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Sin City

Robert Rodriguez and Frank Miller unleash a monster of a film that will satisfy comic loving fanboys of the world while knocking those unfamiliar with Miller’s noir-esque “Sin City” for an unexpected loop. Part love letter. Part experiment. Sin City is all main-lined adrenal overload. This film is a black and white dreamscape covered in blood, sweat, and risk.

Risk is what Rodriguez does best. His top work has always maintained a certain kinetic energy. It’s only when he’s comfortable that his work painfully shows weaknesses in plot. With Sin City, (to crib from Marv) “There is no settling down! This is blood for blood and by the gallons. This is the old days, the bad days, the all or nothing days. They're back!” and at times it feels as if Rodriguez has been teleported back to the “do or die” mindset of the medical experiment funded El Mariachi.

Each Hi Def frame pulsates in contrasted tones. It’s masterfully bleak, sullen, and packing the weight of a sledgehammer. Sin City is unrelenting from start to finish, pulling from three of Miller’s “Sin City” graphic novels, crafting a yarn from three very different pulp heroes residing in Basin City. The framing is uncanny and the dialogue is verbatim in most places, while tightly extracting all unnecessary aspects for sake of time, consolidation, and coherence.

Yes that is correct. The word “coherence” was just attributed to a Robert Rodriguez film. In fact, the last thing expected from Sin City was sound structure.

It would seem that, in Miller, Rodriguez has found the missing variable in his guerilla filmmaking formula. To call him a “style over substance” guy is an understatement as his ability to string together action sequence after action sequence has often carried him from project to project. The trouble is, chain linked action does not an intriguing film make.

With Sin City, Miller provides the depth behind the panache, and what results is a film that lives and breathes all on its own. Sure, Miller’s text is a one-note tune to the beat of noir infused nihilism, but what results is of more substance and life than any of Rodriguez’s previous efforts combined.

Miller isn’t simply paying homage to one specific style or genre here, he is fusing together the “comic book” and the “pulp novel.” Amalgamation such as this can easily fail because it is nearly impossible to please fans of both genres at once. Those familiar with classic noir such as Out of the Past, Asphalt Jungle, and Farewell, My Lovely would ever expect comic super heroism rolled up with noir aesthetic.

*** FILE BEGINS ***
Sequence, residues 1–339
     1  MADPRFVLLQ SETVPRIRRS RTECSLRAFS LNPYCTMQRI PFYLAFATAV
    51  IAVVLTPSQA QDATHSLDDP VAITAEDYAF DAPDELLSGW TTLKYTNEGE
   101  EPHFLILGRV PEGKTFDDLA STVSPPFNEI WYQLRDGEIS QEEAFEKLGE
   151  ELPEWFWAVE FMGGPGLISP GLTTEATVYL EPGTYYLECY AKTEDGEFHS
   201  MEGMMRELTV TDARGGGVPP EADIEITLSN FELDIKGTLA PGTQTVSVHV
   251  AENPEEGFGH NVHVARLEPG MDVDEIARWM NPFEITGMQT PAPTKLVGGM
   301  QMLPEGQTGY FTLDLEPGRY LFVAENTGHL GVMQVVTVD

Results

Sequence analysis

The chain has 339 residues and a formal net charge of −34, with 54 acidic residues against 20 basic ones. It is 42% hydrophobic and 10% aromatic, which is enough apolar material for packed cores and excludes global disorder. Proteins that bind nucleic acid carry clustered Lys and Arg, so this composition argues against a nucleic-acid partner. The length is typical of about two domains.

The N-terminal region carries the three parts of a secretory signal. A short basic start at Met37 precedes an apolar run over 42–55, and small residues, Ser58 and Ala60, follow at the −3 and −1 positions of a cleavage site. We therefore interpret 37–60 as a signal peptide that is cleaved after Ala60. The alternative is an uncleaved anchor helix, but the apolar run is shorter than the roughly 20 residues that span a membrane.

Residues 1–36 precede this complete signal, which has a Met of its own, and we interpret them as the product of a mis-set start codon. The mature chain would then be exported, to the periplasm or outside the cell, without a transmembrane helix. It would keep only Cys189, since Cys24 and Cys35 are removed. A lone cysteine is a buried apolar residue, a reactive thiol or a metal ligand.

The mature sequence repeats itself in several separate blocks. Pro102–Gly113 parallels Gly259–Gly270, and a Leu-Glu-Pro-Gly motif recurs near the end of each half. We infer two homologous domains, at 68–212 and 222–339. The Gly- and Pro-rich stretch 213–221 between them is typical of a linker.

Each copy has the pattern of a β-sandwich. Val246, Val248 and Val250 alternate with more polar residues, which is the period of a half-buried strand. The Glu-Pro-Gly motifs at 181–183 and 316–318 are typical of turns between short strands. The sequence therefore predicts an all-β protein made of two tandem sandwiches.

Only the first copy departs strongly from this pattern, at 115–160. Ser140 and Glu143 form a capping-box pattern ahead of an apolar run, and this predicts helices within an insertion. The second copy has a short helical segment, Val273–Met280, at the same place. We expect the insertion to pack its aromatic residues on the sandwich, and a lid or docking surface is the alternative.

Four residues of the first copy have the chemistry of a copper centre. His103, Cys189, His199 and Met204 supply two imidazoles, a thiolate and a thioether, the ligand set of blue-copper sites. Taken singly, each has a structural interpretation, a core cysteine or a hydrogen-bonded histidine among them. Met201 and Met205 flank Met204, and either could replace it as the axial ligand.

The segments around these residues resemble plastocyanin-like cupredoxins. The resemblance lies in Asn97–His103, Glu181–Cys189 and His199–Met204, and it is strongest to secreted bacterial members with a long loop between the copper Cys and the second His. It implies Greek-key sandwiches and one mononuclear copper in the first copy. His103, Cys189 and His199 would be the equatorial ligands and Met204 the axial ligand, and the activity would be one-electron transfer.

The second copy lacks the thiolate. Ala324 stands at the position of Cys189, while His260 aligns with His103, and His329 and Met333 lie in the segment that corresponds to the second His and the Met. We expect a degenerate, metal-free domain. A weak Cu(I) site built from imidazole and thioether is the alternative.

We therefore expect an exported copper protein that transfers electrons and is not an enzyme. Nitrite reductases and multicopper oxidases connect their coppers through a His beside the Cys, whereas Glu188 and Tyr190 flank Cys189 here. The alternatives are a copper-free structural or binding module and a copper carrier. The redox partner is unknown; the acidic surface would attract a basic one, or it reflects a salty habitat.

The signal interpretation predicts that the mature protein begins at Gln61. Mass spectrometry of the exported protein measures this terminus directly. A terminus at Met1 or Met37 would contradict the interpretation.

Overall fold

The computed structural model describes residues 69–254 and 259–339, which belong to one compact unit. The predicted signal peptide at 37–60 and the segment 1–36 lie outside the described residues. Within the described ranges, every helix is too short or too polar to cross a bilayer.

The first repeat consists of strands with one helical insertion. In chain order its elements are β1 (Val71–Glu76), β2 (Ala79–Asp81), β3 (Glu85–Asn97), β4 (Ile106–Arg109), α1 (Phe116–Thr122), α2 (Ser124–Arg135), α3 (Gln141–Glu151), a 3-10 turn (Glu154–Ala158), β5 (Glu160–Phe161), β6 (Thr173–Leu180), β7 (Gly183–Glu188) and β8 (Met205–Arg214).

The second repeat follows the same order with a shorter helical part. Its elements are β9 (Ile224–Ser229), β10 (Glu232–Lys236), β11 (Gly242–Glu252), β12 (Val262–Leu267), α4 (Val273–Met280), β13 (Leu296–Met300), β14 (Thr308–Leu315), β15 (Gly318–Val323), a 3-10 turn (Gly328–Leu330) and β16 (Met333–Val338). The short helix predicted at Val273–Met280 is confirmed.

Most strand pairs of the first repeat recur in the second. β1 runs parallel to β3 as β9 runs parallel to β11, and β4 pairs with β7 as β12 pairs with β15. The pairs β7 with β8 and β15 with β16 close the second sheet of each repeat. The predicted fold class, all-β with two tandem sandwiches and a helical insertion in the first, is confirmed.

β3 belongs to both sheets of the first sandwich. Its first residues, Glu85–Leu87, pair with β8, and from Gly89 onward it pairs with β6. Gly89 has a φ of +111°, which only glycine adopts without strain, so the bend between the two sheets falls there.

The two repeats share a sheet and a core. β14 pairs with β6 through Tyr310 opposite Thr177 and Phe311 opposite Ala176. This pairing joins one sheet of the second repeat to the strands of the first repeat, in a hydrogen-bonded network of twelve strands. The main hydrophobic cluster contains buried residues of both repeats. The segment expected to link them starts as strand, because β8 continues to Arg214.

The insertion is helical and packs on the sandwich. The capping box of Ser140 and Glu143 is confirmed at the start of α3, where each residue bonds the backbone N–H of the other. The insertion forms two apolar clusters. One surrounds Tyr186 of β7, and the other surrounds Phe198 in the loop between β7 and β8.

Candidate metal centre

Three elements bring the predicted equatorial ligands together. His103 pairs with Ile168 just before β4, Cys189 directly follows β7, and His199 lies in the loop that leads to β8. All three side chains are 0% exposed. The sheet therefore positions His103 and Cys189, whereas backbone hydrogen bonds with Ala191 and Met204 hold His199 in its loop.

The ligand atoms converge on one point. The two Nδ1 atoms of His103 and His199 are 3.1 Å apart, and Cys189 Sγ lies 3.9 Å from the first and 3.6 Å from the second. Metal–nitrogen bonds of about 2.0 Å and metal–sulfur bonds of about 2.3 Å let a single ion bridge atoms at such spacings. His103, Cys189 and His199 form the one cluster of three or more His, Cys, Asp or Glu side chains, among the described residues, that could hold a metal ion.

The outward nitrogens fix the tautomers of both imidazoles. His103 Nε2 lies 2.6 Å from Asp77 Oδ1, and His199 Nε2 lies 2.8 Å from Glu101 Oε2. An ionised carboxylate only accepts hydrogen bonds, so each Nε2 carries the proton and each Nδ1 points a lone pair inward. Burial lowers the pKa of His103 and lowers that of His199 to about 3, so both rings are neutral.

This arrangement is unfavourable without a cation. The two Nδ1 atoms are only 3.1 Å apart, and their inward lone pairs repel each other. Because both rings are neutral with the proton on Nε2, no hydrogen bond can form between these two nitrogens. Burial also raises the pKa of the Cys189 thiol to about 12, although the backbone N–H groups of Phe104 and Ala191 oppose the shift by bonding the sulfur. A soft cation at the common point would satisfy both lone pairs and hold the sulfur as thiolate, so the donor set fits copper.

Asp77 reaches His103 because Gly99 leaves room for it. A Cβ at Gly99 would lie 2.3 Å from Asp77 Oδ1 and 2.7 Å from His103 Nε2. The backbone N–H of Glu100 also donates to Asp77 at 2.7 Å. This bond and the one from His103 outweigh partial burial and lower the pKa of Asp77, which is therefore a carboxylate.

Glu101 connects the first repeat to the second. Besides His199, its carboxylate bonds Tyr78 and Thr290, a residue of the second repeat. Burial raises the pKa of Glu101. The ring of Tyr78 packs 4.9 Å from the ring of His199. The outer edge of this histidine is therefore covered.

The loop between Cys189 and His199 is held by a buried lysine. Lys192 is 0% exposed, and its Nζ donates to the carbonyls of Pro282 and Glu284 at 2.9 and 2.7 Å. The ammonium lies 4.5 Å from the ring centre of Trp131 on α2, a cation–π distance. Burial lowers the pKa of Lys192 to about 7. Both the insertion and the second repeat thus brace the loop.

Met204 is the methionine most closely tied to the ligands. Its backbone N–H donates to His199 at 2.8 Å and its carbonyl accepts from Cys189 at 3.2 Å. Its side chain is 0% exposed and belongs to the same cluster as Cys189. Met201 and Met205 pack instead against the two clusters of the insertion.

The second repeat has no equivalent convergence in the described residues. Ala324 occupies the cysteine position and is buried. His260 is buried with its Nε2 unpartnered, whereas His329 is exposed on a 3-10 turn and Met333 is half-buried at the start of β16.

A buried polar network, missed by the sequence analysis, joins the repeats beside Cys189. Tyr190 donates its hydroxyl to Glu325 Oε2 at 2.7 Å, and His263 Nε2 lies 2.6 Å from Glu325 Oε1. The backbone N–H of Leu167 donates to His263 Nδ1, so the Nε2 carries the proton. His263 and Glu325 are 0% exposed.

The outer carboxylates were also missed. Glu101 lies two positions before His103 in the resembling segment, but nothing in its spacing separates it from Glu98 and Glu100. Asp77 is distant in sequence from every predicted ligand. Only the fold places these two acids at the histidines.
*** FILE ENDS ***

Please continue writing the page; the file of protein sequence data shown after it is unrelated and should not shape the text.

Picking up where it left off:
The “Sin City” graphic novels steep in this very concept, serving as blueprints for the film, and actually more as storyboards than mere adaptive material. Atypical comics were not commonly filled with the grit of noir and pulp; that is, until Miller begin infusing characters like Daredevil and Batman with qualities mirroring protagonists like those created by Raymond Chandler, Dashiell Hammett, Jim Thompson, and James Cain.

Bottom line, this is one of the goriest high charge films in some time, and the film borrows to new depths with each brutal turn. Uninitiated audiences will not feel left behind, as they were likely primed for Sin City with Quentin Tarantino’s Kill Bill. Tarantino holds a “guest director” credit here, although which sequence was his is neither important nor distinguishable.

The playful grim coated banter of noir pulp dramas can either flow or flop in the wind, but this cast manages to pull it out. The most standout of the lot is Mickey Rourke who, donning facial prosthetics enhancing both chin and brow, plays the streetwise toughie named Marv with an enthralling buzz of energy that sadistically takes hold of the audience and never relents, all the way up to the bitter end.

Rourke’s delivery meshes seamlessly with Rodriguez’s precision pacing which always remains in tandem with Miller’s text. It’s easy to see that Sin City succeeds solely due to the dedication of all those involved. Re-read the sequence between Marv and the Priest (played by Miller himself) after screening the film and you’ll realize that this sequence exists on-screen just as it does on the page.

Jessica Alba is perfect as Nancy Callahan, a stripper with a stained past and a love that is both wrong and endearing at once. Alba brings life to what could have felt like a simple, two-dimensional Nancy. Many will claim that Benicio Del Toro was wasted as Jack Rafferty. Truth is, watching Benicio lose himself in this character, as loathsome as he is, is haunting. Willis carries himself well as Hartigan, a due to retire cop with angina-like symptoms.

Nick Stahl fits, as the slippery and greasy Junior Roark, a villain whose possible existence is enough to make one shudder. One case of doubtful casting was Elijah Wood’s turn as a feral cannibal killer named Kevin. Wood’s performance is spot on, blending together futile despair with downright creepy sentiment. Their fates are as gruesome as they come, and even more deserved. These two villains mirror the more political corruption and greed of Basin City with visceral depravity of morals and mores of “civilized” culture.

Miller’s Basin City houses not only corrupted politicians whose wealth provides the power to write laws, but also the socially disturbed who physically prey on innocence. It’s not enough that these two extremes of evil exist independently. No, the true horror lies in the ties between the two, the suggestion that one perpetuates the other, and the implication that, more often than not, these two forces get the upper hand on the rest of us.


Mario Anima

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